We love the good ol'-- is the glass half empty or half full. By one's choice, we can determine if he/she is an optimist or pessimist. And then those people get labeled "idealists" and "realists". And the idealists live in utopia, out of touch with the hard realities of life while the realists get the core of what's going on and remind us all to forget change and relish in negativity. I've seen where these labels, in the workplace and beyond, can create a false illustration of the mindset of people, especially those who get labeled as idealists. (Shameless self identification here.)
Positivity in the workplace is often dubbed as an ideally-minded person, someone who smiles a lot and keep the mood up in the room, and always points out the positive side of the scenario. And the realists often are dubbed as the skeptics in the back of the room ready to raise a hand to forecast all of the missing links, all that can go wrong.
And while some of these attributes may be true, for better or for worst, this idealist vs. realist mindset, that you are one or the other, is not very helpful. What is also not helpful for young professionals is to think we then have to take on this character in the workplace (and beyond) based on what group we identify with.
I've seen some leaders model great examples of being visionary BECAUSE of being in touch with the reality of circumstances AND painting a picture or getting us all to paint a picture of "what if". They paint the core of what's going on, describing it in a way that you know-- they know what's up here. And then they lead us to re-create and re-paint the situation at hand. Sometimes not smiling and sometimes at the risk of the mood in the room.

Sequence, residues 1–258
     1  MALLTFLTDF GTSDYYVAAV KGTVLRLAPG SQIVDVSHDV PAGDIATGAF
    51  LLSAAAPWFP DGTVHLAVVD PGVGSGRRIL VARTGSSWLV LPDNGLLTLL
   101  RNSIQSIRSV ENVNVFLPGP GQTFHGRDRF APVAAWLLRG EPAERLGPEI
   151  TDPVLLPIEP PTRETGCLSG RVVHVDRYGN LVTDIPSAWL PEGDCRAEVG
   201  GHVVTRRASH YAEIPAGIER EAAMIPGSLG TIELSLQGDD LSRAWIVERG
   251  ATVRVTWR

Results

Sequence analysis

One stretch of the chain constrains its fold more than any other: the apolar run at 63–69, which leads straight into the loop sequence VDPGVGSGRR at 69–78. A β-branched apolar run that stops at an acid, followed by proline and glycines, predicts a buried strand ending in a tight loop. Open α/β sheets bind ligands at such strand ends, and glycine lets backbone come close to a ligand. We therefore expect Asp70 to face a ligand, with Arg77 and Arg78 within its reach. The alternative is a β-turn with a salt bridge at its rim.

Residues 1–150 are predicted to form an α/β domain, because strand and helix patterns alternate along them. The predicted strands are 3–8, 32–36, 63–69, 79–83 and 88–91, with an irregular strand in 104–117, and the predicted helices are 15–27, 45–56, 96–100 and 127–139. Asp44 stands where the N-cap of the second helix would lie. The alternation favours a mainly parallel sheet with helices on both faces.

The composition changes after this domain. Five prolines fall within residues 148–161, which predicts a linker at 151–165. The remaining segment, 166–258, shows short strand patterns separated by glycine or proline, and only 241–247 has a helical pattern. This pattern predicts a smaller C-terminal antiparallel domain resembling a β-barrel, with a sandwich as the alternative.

What if young professionals started to appreciate these painters for the display of both idealism and realism? To want to become like these great leaders? As people who find our place in the middle of these two-- who don't dub the idealists as out of touch or the realist as downers.
This is also what I've seen from these leaders:
1. It takes discipline: to think and to feel and see. Instead of engulfing in emotions that sway us in extremes, these people are disciplined to think AND feel, followed by painting the picture of "what if". It's easier to spiral in various directions; it takes discipline to keep steady.
2. They live lives in touch with the core of the work: No wonder the picture can be painted so well, it's because they are living it. Let's give some love to our skeptics-- no wonder that is the sentiment because we often have people in positions of power or authority who make no effort to understand the core of what they are doing.
3. Authenticity: This one is oh-so key. The words they use, the tone they speak with, the attitude... it all bears weight in carrying this painters message.